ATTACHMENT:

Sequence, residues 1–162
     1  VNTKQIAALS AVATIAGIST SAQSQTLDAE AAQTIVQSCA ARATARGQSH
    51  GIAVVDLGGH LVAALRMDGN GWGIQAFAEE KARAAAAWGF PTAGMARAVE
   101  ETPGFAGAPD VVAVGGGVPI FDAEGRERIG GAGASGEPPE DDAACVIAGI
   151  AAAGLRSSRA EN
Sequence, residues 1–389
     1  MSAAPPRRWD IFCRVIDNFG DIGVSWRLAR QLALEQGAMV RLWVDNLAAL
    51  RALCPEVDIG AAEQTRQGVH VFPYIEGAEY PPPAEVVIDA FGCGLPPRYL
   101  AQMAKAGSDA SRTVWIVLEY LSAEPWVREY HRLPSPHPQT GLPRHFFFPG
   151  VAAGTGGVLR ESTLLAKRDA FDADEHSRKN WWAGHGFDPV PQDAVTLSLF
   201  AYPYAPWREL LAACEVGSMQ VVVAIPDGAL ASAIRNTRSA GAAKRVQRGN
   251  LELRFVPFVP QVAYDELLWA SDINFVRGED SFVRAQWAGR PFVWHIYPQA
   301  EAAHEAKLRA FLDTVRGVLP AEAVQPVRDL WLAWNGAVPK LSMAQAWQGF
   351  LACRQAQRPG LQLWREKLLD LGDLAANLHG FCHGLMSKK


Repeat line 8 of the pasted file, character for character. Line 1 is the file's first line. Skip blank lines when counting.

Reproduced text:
    51  RALCPEVDIG AAEQTRQGVH VFPYIEGAEY PPPAEVVIDA FGCGLPPRYL